Green is the brightest to the eye it also has the average energy per photon state, taking it from the highest wavelength red we can see down to the lowest blue wavelength because from green down to blue the energy states in every photon is getting stronger and the wavelength is getting shorter. it is not until you mix the colours with a green or red does this become apparent it a bit like mixing a washed out green with a bright strong blue the energy state in the blue which is much higher than green will mix at a atomic level and some of this energy is what we see as light, that is why a red at 660nm 5mw appears darker than a 5mw at 635nm both the same power but in different energy states per given photon.
    Well to most laser enthusiasts this ps3 is a white light dream, I thought about mixing to of the ps3 diodes to get 24mw after optics ans see what sort of results I get and don’t forget I am not running these diodes flat out but I want longevity out of them not a 24 hour fix or beam combine them like we do with reds to get 100,200 mw of 405 but at them sort of energy density levels that amount of uv radiation will be very harmful to the skin indeed

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    Hi Steve, i have know idea as i did not bother scanning the beam i only poped the top off of my scanner unit so i could acsess my greenie if this is the steradian you are talking about, A single point steradian which i think is this one
    A point source of electromagnetic (EM) power that radiates equally well in all directions, and whose output is 1 W · sr-1, has a total output power of 4p (approximately 12.5664)watts (W). This is because there are 4p steradians in three-dimensional space with respect to a point of reference. The watt per steradian can be used to define the radiant intensity at any EM watts, from low-frequency radio waves through the gamma-ray spectrum. For visible light, in the wavelength range of approximately 390 to 770 nanometers (nm), the lumen is the preferred unit. which the the bit we are intrested in is 390 to 770 nm, but as i say i have know idea but if i get the time i will scan the beam and take a few pics, Kaz

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    Quote Originally Posted by kaz View Post
    the energy state in the blue which is much higher than green will mix at a atomic level and some of this energy is what we see as light
    What the hell are you talking about? There's no "mixing at the atomic level" going on! Seriously, where did you get that idea?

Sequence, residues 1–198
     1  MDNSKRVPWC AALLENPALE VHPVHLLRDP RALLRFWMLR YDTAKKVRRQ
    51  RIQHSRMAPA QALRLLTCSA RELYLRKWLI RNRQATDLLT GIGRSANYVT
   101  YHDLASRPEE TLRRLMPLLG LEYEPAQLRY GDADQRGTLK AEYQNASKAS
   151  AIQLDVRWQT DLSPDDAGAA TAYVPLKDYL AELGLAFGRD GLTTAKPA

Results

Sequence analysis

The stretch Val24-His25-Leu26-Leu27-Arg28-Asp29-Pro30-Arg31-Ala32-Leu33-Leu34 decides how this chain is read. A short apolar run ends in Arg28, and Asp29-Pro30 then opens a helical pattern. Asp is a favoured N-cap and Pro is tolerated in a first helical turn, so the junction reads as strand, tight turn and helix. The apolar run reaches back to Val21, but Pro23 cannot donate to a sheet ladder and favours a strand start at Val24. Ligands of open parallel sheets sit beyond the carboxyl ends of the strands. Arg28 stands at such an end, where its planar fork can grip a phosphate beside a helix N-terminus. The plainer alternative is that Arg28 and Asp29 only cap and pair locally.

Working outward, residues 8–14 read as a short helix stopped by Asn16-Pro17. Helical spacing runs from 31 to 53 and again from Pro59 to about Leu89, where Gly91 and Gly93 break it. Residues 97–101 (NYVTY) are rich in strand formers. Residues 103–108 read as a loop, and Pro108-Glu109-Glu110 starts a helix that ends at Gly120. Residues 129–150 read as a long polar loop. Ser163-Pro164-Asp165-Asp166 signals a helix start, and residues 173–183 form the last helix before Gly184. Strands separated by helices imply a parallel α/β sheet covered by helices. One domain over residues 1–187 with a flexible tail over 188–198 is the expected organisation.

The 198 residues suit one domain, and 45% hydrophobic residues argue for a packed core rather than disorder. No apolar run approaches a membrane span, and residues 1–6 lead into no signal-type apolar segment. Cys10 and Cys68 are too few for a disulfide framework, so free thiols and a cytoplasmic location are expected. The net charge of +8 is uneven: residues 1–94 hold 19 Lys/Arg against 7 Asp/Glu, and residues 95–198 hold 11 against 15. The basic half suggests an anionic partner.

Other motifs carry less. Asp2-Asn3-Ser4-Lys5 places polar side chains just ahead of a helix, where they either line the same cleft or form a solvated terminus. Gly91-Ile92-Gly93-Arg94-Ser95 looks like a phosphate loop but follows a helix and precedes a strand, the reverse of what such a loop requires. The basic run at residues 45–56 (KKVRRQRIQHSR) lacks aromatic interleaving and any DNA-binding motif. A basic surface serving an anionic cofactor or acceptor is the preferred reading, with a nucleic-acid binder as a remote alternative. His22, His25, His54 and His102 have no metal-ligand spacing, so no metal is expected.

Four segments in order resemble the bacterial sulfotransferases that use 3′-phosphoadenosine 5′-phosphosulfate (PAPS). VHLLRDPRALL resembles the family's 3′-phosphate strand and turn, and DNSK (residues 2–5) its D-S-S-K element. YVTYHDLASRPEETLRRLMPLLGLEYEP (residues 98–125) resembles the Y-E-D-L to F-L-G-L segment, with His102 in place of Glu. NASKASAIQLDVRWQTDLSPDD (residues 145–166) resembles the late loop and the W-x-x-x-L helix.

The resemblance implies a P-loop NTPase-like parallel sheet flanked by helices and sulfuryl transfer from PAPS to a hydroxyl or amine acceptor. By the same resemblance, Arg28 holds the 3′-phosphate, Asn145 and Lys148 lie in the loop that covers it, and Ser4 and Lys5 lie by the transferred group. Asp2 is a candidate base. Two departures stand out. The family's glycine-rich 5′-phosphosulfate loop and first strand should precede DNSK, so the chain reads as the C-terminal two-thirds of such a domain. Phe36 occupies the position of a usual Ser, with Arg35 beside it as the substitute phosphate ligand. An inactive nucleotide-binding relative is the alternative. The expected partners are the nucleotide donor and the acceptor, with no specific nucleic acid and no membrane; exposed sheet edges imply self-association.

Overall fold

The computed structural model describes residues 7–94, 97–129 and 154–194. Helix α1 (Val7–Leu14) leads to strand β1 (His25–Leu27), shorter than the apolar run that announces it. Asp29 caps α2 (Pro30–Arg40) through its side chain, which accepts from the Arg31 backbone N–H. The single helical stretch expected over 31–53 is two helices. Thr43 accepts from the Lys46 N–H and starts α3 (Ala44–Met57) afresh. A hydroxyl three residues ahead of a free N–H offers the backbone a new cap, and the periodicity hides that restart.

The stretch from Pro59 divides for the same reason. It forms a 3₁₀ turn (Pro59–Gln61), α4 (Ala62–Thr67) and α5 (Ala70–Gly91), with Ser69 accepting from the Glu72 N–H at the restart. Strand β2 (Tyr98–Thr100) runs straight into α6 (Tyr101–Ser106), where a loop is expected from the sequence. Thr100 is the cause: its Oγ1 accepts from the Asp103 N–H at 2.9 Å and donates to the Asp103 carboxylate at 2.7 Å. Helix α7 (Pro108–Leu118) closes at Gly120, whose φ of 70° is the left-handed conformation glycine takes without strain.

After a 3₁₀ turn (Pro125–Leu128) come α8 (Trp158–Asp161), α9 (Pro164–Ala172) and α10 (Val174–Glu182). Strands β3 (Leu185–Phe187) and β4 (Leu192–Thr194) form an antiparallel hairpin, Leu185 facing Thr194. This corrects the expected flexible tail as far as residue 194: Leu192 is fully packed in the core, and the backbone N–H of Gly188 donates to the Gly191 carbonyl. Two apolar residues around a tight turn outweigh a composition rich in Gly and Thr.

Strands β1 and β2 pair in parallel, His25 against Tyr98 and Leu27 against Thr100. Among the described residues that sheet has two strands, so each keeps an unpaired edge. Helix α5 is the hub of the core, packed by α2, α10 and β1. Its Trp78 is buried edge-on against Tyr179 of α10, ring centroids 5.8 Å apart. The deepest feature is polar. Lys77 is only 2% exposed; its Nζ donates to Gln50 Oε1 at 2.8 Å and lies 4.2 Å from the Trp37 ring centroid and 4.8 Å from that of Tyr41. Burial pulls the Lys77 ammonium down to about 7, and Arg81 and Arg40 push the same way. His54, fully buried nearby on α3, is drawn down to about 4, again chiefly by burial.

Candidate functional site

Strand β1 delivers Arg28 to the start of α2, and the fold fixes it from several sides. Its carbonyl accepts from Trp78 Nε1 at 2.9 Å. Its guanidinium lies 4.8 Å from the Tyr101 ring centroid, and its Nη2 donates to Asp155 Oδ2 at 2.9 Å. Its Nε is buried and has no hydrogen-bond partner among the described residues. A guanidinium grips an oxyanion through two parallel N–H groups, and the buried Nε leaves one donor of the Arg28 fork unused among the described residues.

that is why a red at 660nm 5mw appears darker than a 5mw at 635nm both the same power but in different energy states per given photon
    No, it's because the cone cells in our eyes are attuned to shorter wavelengths. If we had different cones cells in our eyes we would be able to see further into the near IR spectrum. But our eyes are optimized for the visible spectrum (which, incidentally, is entirely arbitrary - we call it the "visible spectrum" because that's where our eyes work), so if you get down towards the ends of the visible spectrum (either end) our ability to see those colors falls off REGARDLESS of the energy of the photons.

    For that matter, if we had the eyes of a honeybee, we would be able to see all the way into the UV spectrum, and 405 nm light would look brighter than 532 nm green. But with our normal, human eyes, 405 nm is a lot dimmer than 532, despite the fact that the photons have more energy.

    Adam

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    Thanks for beating me to my own idea. I like it...now I need to rumage through the laser stash and see what I can get put together....in between building another RGB projector. Got a set of open loops here somewhere....Independant white light scanner.....nice.
    You are the only one that can make your dreams come true....and the only one that can stop them...A.M. Dietrich

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    I have a 18mW green module and there is a 30mW 680nm red diode on eBay that would be cool to mix with maybe two of the reader 405s combined. Maybe turn down the green a little and put them all in a laser FX case.

    Look what you've done kaz... it was all nice thoery until now.